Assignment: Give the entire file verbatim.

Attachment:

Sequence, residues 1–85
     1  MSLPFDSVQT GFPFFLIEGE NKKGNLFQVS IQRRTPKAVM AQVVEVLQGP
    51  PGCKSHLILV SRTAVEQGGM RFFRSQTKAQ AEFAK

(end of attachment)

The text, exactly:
Sequence, residues 1–85
     1  MSLPFDSVQT GFPFFLIEGE NKKGNLFQVS IQRRTPKAVM AQVVEVLQGP
    51  PGCKSHLILV SRTAVEQGGM RFFRSQTKAQ AEFAK